... to be clear, I didn't take it that you were being dismissive, sorry if I cam across as defensive/dismissed wink... ... if you haven't used a no-chill cube before then I remember how using one the first time was a bit scary, but since then I've used mine many a time usually just overnight, but I think the longest I've had my wort in it without yeast has been 2 weeks (one brewery used to make "Fresh Wort Kits" that could be purchased from malt Miller, which were basically professionally made wort dropped into no-chill cubes ... see the discussion there (link) ... I think the costs (including P&P) were the reason they didn't take off, rather than quality issues :?: ... so wort can be safe in one for longer, if wished).

    And I'm definitely not trying to convince you that this is what you should do here, just giving you the information to make your mind up, but ...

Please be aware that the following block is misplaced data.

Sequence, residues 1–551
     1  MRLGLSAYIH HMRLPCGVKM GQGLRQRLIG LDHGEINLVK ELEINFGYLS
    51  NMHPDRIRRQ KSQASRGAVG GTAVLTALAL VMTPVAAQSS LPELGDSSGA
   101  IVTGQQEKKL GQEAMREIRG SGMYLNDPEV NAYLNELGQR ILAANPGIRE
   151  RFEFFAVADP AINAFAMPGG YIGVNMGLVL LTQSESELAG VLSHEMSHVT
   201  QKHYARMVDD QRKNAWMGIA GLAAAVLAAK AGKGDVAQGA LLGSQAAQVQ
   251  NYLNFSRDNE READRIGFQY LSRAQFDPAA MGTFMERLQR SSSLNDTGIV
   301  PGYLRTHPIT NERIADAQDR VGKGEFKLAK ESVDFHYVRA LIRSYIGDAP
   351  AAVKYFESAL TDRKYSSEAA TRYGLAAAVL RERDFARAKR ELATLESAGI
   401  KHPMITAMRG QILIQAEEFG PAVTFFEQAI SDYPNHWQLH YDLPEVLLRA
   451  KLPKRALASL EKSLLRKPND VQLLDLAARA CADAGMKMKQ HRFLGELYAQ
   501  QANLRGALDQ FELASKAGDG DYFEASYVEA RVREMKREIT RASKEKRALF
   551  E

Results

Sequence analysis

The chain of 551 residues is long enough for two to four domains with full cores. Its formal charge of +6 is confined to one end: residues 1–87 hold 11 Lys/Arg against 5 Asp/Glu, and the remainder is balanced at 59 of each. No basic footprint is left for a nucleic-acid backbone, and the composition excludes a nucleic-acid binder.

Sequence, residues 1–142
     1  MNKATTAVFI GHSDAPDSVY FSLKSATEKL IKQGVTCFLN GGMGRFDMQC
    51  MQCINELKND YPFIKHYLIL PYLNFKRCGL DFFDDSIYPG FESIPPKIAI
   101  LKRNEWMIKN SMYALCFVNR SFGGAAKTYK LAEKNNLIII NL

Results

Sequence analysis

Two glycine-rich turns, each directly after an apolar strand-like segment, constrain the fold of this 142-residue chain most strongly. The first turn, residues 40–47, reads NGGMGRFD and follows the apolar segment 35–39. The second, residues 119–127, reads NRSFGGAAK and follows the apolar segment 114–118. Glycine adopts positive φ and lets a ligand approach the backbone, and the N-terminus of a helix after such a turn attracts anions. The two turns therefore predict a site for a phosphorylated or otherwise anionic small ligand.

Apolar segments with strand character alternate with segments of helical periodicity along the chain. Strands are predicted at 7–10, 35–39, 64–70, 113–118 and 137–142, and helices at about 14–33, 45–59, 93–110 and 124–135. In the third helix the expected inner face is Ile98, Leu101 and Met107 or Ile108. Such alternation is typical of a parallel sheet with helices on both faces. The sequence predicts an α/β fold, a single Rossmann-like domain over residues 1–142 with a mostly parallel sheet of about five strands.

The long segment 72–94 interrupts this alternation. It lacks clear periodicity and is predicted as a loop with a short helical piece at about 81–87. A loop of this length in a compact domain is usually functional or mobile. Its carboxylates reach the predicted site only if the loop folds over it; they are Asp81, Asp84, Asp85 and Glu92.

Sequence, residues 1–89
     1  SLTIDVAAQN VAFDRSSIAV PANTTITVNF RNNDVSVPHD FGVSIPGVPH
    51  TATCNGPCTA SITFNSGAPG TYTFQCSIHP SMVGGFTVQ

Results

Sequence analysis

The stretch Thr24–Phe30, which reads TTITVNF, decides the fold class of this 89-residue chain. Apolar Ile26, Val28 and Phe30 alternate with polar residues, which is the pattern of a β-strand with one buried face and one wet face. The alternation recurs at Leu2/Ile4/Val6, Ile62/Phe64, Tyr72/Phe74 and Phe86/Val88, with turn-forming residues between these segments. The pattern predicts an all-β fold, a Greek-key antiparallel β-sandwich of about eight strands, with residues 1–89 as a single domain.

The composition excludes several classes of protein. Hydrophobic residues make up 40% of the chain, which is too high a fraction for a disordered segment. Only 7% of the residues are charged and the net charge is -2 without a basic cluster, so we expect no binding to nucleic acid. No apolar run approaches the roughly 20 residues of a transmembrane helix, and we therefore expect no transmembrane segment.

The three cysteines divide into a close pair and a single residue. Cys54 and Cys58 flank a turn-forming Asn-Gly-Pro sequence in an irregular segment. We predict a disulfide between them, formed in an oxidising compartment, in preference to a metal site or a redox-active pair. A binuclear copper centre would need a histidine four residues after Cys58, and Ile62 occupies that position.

... I've just put those numbers into the Brewer's Friend Yeast Calculator (link), which gives you options to calculate multi-step starters, and ... a one ltr stirred starter at 1.036, with a 3 week old pack of yeast pitched into it, followed by a 4.5 lts 1.050 starter, not agitated, would get you 472 billion cells ... whether you take a "real wort starter" approach or not, if you want to use cold fermenting yeasts, pitched cold. You might want to consider stepping up your starters wink...

    Cheers, PhilB
     
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  19. Nov 19, 2019 #19

    strange-steve

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    I'm with those who suggested dry yeast. I'm a big fan of W34/70, some of my best brews have been with this yeast including my gold medal eisbock. Buying 2 packs might not be much cheaper than a liquid yeast but it's a hell of a lot easier than a multistep starter.
     
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  20. Nov 19, 2019 #20

    Ben034

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    I'm trying out the CML Hells yeast today on a German Pilsner. Will update on how this turns out. Have been using WLP830 for a while but would like to give dry ago for this style.